If you don’t send formal or professional emails every day, writing one can be a bit intimidating. The first few times I had to send ~legit~ emails to ~real~ grown-ups, I was so nervous. After all, the language you use in an email to a teacher or a potential employer and the language you use while texting with friends are probably just a bit different. Writing formal emails is a skill, and eventually it will be like riding a bike. In the meantime, however, here are eight tips to keep in mind when sending a formal email.
Address them appropriately.
This is huge! When you begin your email, it’s important that you’re using the appropriate greeting, title, and name. “Hey” is not appropriate for a professional email – stick with “Hello” in these types of emails. Double check if you need to use the “Dr.” title. Please, please, please double check that you are spelling their name correctly. (As a Caroline, I am inclined to delete an email immediately if they call me Carolyn. I’m a bit more forgiving on the spelling of my unusual last name, but it is still a massive annoyance.)
When you’re not sure how they want to be addressed, or you haven’t established a relationship with them yet, air on the side of caution. You may have it on good authority that a certain professor likes being called by her first name. However, if you haven’t taken her class or met her personally yet? Definitely go with “Professor [last name]” or “Dr. [last name].” Being a bit formal is never a bad thing. Being too casual may be perceived as being rude… and it’s hard to recover from that first impression.
Always include a brief introduction, including your full name, how you know them, and any other relevant info about yourself. Let them know why you’re writing. If you met them briefly, remind them where you met and what you discussed. You don’t need to write them a lengthy biography, but also don’t assume they remember you simply by your email address or first name.
Make the email easy-to-read and concise.
Long, unnecessarily wordy run-on sentences are a huge pain to read. Another headache? Getting an email that is one massive wall of text. Stick to simple, concise sentences (whenever possible) and break your text into paragraphs to make it more skimmable.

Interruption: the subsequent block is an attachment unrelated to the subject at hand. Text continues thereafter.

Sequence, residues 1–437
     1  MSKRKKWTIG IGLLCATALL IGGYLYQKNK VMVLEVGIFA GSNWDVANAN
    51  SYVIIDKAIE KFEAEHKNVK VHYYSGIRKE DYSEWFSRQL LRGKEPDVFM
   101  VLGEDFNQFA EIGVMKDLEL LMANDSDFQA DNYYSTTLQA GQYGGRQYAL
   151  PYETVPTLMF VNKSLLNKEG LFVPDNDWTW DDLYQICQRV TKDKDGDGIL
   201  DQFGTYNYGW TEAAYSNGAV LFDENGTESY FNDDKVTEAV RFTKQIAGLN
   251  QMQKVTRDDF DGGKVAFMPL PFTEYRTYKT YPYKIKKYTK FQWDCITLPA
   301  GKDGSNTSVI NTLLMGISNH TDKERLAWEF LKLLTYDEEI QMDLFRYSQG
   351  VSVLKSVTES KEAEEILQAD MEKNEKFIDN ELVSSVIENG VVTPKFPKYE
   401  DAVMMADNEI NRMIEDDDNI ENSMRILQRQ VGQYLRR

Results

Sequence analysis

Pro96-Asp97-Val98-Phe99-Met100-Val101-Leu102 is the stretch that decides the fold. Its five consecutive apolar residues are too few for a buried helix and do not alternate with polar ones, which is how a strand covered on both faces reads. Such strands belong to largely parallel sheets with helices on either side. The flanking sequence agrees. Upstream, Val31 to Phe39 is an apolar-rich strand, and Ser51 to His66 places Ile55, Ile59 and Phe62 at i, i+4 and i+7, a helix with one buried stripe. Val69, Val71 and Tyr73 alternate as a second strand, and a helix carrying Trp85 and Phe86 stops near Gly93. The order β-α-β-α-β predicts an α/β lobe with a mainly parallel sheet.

Another way to make it an email easy to read is by making the important info easy to spot. Don’t hide it in long paragraphs where it might be overlooked! Make the first sentence of each paragraph your thesis. If you need something, say it right off the bat. The quicker they can read your email and know exactly what you need, the more effective your email. The more effective your email, the more likely you are to get a positive response.
Give it a straightforward subject line.
Never leave a subject line blank. Re-read your email, figure out what your main point is, and give it a meaningful subject line. Your subject line should explain exactly why you’re contacting them.
Side note: make sure your subject line isn’t one that might get confused with spam. I was once tasked with writing profiles for honorees that had won a big award. I made the subject line something like, “Congratulations, you’ve won!” and couldn’t understand why no one was responding. Turns out, nearly everyone send my email straight to their junk folder, assuming it was a scam or marketing ploy. Oops!
Skip the slang/emojis.
I thought this was common knowledge, but it definitely isn’t. Use formal language. Don’t use “haha” or J or any slang acronyms. Just don’t.
Make sure there are no spelling or grammatical issues.
Proofread your email and make sure there are no glaring issues. If you send an email that has multiple spelling and grammatical errors and no punctuation, you may as well add this disclaimer, “This email isn’t important to me, so I didn’t even bother trying to write correctly, proofread, or edit it.” A well-written email is a sign of respect.
Don’t disclose confidential information.
If you need to discuss something highly personal or disclose sensitive information (like your social security number, for example), use email as a way to set up an in-person or telephone conversation. We’ve all heard horror stories about emails being leaked. Never assume that the contents of your email are going to remain confidential, and use discretion.
Use an appropriate sign-off and signature.
Use a polite closer like, “Thank you for your time,” or “Best regards.” Sign your full name. If you’ve asked for a return phone call, make their life easier by including your phone number in your email signature.
When you’ve established rapport with someone, your emails may become more relaxed and informal. However, until you’re at that point, it’s important to keep things professional, polished, and appropriate.